Coal-Tar Pavement Sealant Use and Polycyclic Aromatic Hydrocarbon Contamination in Urban Stream Sediments


Polycyclic aromatic hydrocarbons (PAHs) can occur at levels of environmental concern in stream sediments from urban and industrial watersheds. Recent studies indicate that coal-tar sealant use on parking lots may have been the major source of PAHs to urban streams in the eastern US over the past 40 years. This study evaluates the spatial distribution of PAHs in urban stream and pond sediments in Galloway Creek in Springfield, Missouri by focusing specifically on parking lots with and without coal-tar sealants as contamination source areas. Multiple-linear regression analysis is used to evaluate the spatial connectivity of contaminated sediment to potential source areas and compare the relative influence of watershed source factors and reach sediment variability on sediment PAH levels. Sediments from coal-tar sealed parking lots and the streams that drain them are enriched in PAHs at concentrations considered toxic to aquatic life, with concentrations that are, on average, 35 and 480 times greater than those of unsealed asphalt and concrete lots, respectively. Moreover, sediment PAH concentrations are strongly correlated with the percentage of sealed parking lot area within the upstream drainage area of the sampling site, in contrast to total parking lot area or sediment composition. Metal and nutrient contaminants are poorly correlated with sealed lot area indicating a wider range of urban source inputs. Finally, parking lots with coal-tar coatings contribute >80% of the total PAH concentration in urban stream and pond sediments in Galloway Creek. If coal-tar sealant use ended, sediment PAH concentrations would probably decrease over time to levels not harmful to sediment-dwelling organisms.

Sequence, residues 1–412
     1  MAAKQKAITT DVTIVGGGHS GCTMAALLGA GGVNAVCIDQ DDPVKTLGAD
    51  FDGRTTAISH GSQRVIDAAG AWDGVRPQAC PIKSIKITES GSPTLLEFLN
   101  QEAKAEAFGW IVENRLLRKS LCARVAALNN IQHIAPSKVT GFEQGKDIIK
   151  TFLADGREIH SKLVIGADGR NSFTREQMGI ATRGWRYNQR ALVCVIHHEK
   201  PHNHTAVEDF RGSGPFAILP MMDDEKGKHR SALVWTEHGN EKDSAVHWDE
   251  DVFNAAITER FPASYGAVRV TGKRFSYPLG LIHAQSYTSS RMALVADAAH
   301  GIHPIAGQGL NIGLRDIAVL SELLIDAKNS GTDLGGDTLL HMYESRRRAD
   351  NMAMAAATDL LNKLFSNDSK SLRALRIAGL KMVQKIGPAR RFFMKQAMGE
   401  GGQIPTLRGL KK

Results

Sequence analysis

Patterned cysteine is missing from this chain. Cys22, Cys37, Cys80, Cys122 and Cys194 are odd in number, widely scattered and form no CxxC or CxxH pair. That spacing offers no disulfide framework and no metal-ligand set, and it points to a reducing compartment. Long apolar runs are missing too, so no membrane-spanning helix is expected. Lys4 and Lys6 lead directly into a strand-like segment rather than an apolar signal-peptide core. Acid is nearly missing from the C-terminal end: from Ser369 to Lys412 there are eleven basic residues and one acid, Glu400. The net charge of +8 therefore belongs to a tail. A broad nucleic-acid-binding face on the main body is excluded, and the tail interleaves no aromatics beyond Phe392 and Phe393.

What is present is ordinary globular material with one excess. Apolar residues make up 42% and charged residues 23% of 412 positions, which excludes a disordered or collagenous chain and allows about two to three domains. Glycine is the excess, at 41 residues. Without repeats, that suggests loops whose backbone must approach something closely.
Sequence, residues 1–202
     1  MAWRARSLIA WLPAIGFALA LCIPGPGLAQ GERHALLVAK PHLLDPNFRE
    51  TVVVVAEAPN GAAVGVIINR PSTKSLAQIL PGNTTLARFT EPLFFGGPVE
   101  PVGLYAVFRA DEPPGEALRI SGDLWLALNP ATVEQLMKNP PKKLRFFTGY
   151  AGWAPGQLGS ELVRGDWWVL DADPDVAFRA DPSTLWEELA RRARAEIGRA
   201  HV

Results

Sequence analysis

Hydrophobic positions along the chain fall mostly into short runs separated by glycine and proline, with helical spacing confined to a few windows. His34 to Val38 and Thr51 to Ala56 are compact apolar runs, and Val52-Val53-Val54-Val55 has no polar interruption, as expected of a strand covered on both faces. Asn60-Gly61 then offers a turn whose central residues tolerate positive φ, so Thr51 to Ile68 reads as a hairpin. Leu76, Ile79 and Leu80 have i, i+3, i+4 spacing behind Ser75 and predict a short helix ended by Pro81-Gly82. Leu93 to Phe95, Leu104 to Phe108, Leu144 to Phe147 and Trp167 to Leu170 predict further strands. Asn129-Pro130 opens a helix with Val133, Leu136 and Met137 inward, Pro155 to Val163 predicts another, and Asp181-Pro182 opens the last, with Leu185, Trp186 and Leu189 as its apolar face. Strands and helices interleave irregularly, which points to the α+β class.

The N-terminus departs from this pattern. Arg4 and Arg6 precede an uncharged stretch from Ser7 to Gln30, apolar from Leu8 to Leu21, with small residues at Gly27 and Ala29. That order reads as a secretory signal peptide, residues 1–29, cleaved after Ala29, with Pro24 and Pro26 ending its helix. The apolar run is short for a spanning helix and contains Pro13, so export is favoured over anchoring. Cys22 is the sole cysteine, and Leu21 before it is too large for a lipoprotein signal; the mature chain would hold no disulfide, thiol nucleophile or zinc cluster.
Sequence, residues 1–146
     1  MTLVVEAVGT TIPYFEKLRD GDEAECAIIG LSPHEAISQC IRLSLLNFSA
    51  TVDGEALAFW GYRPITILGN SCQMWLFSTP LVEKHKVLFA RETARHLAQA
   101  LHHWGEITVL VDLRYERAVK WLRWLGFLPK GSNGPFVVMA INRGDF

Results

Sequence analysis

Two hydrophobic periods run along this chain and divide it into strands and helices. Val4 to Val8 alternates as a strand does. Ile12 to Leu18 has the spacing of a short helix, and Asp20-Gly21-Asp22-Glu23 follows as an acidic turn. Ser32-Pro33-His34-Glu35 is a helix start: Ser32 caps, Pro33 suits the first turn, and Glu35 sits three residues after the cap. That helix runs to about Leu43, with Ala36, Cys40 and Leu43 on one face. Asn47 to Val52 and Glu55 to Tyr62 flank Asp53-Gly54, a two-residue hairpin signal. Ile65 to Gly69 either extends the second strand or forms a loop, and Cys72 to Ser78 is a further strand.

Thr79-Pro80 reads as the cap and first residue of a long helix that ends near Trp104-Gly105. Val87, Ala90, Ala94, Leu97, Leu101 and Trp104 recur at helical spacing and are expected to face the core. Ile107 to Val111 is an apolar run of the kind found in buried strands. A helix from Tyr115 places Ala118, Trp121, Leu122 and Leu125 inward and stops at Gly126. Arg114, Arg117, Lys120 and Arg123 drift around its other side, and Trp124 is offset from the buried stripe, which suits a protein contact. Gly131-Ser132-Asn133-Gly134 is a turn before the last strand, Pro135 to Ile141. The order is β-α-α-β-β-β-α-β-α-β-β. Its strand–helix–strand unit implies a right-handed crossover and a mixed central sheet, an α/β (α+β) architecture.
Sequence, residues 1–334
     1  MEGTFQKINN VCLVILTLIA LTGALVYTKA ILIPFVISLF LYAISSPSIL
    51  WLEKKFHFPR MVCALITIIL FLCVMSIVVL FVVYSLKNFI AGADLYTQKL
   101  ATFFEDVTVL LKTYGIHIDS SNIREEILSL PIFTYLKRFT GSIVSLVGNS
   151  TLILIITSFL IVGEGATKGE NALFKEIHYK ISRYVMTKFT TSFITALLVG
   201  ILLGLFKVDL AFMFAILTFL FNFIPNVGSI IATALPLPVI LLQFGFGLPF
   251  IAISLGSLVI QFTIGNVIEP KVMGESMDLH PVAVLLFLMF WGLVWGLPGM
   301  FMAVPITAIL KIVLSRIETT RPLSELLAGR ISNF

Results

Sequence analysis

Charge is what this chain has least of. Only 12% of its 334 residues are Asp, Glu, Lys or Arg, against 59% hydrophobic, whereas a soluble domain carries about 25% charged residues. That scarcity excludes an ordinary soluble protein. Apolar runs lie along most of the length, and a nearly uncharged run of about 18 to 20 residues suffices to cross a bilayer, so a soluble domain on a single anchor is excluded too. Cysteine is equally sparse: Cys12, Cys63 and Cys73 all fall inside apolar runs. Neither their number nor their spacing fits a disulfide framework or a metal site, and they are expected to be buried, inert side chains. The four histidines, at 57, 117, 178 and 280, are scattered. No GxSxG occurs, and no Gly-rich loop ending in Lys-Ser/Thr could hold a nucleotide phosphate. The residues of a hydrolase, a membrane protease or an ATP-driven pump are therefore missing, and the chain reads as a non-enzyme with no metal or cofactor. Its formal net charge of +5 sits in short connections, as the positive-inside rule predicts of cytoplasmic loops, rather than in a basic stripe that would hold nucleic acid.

Geography, Geology, and Planning

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Physical Geography